Gender Issues In Poetry
Paper dealing with issues such as stereotypical “beauty” of women, “submissive woman” vs “dominant male”, and women as housewives in poems written in the 50’s and 60’s.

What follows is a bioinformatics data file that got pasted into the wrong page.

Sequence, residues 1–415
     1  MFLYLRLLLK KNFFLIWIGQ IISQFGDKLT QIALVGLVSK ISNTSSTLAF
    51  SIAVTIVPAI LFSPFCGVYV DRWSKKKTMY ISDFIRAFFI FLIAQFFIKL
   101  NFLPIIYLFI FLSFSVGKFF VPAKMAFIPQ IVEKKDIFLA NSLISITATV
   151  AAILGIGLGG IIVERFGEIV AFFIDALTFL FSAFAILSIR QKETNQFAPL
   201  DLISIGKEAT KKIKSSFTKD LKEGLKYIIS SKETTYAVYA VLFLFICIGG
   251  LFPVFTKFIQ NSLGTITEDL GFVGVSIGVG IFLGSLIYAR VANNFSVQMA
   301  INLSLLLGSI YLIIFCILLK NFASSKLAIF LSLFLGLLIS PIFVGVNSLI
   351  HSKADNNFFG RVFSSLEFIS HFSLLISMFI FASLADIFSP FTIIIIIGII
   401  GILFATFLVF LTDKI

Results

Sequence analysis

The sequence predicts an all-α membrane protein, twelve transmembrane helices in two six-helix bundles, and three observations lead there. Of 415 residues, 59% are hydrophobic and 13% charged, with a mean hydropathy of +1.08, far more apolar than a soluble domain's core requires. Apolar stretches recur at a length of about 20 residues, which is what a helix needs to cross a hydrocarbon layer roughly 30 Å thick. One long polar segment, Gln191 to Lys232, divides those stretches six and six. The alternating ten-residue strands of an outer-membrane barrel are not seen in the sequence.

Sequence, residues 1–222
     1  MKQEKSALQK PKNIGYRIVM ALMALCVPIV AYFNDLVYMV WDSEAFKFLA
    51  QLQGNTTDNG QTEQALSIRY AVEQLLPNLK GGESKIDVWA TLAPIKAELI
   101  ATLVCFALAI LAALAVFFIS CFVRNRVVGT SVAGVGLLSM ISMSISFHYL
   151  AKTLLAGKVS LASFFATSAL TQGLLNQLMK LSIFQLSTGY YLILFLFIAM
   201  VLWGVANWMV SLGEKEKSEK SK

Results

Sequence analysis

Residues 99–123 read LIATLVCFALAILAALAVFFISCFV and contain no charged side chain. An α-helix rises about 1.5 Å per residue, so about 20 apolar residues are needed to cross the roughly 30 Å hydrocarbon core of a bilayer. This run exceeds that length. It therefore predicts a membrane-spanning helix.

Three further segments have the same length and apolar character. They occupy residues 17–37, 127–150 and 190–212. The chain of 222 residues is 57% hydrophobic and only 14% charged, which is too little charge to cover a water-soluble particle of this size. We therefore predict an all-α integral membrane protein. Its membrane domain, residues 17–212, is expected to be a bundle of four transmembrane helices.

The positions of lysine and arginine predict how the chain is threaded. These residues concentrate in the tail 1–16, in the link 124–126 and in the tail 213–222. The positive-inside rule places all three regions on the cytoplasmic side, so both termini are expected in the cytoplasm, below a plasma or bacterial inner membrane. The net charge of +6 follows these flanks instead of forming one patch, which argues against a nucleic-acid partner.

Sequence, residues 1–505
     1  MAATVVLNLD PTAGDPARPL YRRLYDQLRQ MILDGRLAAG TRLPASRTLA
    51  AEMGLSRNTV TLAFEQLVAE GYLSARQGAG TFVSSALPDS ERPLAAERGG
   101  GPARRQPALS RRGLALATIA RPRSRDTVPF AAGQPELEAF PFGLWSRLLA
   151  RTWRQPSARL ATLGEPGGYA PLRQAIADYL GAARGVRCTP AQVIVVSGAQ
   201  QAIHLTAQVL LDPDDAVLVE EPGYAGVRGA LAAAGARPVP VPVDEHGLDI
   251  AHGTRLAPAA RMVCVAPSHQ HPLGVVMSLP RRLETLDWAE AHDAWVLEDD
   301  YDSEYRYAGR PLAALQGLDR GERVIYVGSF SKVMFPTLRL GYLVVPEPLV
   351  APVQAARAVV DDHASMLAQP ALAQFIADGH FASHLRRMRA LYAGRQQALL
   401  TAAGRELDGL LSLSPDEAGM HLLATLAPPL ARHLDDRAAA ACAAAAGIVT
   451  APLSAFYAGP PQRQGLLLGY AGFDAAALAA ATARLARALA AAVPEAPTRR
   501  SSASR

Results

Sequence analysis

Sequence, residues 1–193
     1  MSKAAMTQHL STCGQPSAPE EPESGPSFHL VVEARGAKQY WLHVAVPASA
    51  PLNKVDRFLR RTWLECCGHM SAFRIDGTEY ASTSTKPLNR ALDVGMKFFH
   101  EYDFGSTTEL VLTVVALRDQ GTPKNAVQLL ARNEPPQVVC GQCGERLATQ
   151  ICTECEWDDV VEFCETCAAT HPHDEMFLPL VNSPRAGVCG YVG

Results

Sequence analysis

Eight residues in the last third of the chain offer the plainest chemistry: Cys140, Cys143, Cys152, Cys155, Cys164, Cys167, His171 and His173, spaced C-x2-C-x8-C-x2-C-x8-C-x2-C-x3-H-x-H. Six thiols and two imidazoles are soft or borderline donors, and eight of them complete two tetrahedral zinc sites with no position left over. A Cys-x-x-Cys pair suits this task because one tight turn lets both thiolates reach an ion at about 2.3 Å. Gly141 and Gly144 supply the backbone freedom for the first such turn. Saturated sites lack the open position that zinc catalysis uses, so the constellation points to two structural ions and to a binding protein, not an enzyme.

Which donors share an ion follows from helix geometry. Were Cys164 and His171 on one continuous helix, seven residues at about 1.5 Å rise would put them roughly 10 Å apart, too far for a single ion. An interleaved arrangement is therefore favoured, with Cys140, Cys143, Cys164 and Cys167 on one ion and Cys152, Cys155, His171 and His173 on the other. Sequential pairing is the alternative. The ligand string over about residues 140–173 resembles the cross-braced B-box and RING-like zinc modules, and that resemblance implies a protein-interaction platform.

“In poetry during the late fifties and early sixties, women were often stereotypically supposed to be beautiful. One in particular entitled “Barbie Doll,” by Marge Piercy, shows society’sconcern with beauty. The poem is about a young woman who was told as a girl that she had a `fat nose` and `thick legs`. The young woman is smart, educated, and strong, yet she does not meet the `ideals` of the beautiful woman. Society in pre-feminist times stereotyped beauty as being slender, and having a small nose, blonde hair, and blue eyes. Since she does not have these `ideal` features the young woman chooses death, by cutting off her nose and legs. This poem suggests the destructiveness of society’s standards of female beauty on those who do not “fit” the criteria. Piercy’s second stanza `She was healthy, tested intelligent, possessed strong arms and back, abundant sexual drive, and manual dexterity. She went to and fro apologizing. Everyone saw a fat nose on thick legs – (ll.7-11) implies the woman had numerous good qualities and traits for a man, yet because she did not possess ideal female qualities, her life was filled with apologies and attempts to become physically attractive. Lines 20 and 21, `dressed in pink and white nightie. / Doesn’t she look pretty”…,? suggest the woman’s femininity was reinstated after her death. Although now she may be accepted by society, with her `turned up putty nose,` these standards have caused her a painful death. In the last line of the poem, `To every woman a happy ending,` Piercy uses irony to show the reader the woman’s unhappiness and the tragedy of her life. It is ironic that the author uses these words because the young woman lived her life in embarrassment and without satisfaction.”